The effective length of the tensile element is preferably adjustable. In order to improve the stepping into the binding, at least one pivoting support element is arranged on the heel part, which provides better support in that it is fitted to the contour of the boot.
In an additional embodiment the tread element and the tensile element are formed by a cable, where the respective cable passes through a hole provided in the lateral side walls and the cable ends are connected to the instep element. The cable section lying between the two lateral side walls form the tread element and is pressed downwards by the boot heel in order to close the binding. In order to adjust the closing position of the binding, that is, the closing position of the instep element, a length adjustment device such as a Velcro strip joined to one end of the cable can be provided on the instep element. In order to maintain the closed position, tooth belts engaging in catch device are provided, through which the instep element is connected to the lateral side walls. Also provided is a tensile element extending over the instep element and with its ends connected to opening elements of the catch devices. By pulling on the tensile element, the catch devices can be unlocked, which enables the opening of the binding.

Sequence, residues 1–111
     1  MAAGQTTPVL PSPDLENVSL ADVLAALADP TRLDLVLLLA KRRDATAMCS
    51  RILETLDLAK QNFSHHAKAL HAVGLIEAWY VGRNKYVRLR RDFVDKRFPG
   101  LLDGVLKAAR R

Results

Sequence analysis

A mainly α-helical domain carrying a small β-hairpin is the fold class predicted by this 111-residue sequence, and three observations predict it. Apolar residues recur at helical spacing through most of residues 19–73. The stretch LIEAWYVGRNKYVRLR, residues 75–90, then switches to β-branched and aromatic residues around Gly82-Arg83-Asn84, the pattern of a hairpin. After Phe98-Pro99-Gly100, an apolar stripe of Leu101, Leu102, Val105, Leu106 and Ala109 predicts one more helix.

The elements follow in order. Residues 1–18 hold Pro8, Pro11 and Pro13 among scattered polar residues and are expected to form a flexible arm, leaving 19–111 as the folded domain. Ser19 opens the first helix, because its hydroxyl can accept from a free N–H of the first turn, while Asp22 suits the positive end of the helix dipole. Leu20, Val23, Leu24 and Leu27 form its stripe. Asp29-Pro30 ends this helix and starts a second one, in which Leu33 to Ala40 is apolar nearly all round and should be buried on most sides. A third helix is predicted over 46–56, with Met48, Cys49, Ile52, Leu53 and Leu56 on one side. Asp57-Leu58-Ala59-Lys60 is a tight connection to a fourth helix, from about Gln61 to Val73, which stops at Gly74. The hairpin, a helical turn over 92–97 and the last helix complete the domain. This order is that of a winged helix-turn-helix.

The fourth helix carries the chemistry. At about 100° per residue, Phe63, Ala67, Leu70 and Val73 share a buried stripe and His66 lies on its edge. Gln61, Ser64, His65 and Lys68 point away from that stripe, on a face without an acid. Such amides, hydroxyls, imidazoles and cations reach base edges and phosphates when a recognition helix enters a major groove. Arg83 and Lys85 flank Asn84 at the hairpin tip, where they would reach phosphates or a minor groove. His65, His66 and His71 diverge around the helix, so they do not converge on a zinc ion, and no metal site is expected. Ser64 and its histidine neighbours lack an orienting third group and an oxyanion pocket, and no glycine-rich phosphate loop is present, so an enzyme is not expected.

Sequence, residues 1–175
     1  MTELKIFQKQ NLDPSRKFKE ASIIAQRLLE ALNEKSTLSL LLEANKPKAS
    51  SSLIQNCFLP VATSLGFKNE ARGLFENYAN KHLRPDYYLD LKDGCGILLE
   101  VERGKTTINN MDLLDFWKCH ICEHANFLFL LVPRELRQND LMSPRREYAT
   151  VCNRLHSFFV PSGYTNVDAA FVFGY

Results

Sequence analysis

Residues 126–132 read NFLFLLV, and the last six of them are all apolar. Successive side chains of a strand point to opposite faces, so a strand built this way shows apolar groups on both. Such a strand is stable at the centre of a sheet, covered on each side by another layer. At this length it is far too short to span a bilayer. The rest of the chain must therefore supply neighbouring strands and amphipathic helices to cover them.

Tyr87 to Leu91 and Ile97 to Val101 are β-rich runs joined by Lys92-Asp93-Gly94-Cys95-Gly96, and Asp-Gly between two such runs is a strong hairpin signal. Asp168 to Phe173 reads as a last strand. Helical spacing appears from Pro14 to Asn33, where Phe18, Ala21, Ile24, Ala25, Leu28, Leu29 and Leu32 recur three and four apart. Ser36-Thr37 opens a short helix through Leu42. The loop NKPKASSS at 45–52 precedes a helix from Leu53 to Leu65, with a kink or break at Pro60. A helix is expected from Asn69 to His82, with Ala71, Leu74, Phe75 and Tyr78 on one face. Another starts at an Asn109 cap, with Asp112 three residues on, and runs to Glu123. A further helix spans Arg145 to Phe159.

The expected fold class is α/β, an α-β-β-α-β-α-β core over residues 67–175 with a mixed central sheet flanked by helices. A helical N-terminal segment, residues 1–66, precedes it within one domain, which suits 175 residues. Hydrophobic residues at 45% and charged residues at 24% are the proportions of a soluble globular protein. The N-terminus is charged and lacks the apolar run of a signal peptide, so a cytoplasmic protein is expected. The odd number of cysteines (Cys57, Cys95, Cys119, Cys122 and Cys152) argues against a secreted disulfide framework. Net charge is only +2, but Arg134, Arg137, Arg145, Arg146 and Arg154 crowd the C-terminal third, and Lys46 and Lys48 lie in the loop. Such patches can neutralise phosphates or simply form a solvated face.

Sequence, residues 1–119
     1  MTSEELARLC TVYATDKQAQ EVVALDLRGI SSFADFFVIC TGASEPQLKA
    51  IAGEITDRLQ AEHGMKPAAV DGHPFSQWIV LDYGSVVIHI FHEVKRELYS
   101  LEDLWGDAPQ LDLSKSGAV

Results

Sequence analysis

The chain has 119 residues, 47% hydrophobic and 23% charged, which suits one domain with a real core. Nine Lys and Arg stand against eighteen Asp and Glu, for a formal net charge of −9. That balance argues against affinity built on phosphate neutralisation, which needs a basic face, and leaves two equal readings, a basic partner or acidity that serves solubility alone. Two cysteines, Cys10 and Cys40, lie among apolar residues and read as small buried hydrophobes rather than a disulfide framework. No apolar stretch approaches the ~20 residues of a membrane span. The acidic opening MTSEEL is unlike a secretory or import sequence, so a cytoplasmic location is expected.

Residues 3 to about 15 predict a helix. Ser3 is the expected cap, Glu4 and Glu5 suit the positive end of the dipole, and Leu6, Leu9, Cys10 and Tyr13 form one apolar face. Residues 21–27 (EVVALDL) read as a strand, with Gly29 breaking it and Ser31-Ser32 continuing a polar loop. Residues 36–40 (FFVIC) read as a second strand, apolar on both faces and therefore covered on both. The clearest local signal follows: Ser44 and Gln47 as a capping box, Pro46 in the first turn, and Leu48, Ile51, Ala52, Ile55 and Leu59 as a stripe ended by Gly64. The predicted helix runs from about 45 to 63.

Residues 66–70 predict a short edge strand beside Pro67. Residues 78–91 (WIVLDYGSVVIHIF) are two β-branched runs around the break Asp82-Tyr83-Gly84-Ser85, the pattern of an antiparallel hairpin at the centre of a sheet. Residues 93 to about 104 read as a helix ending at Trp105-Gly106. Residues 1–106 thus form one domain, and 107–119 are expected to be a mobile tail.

Other objects and features of the present invention will be in part apparent and in part pointed out hereinafter.
Corresponding reference characters indicate corresponding parts throughout the several views of the drawings.
FIG. 1 is a schematic sketch of the snowboard binding in a side view in the open position;
FIG. 2 is a schematic sketch of the snowboard binding in a side view in the closed position;
FIG. 3 is a perspective representation of the snowboard binding in the open position with an opening belt arranged on the instep side;
FIG. 3b shows a snowboard binding with an opening belt arranged on the heel side;
FIG. 4 is a detail view of the fastening of the toe-side tensile element to a lateral side wall and the instep element;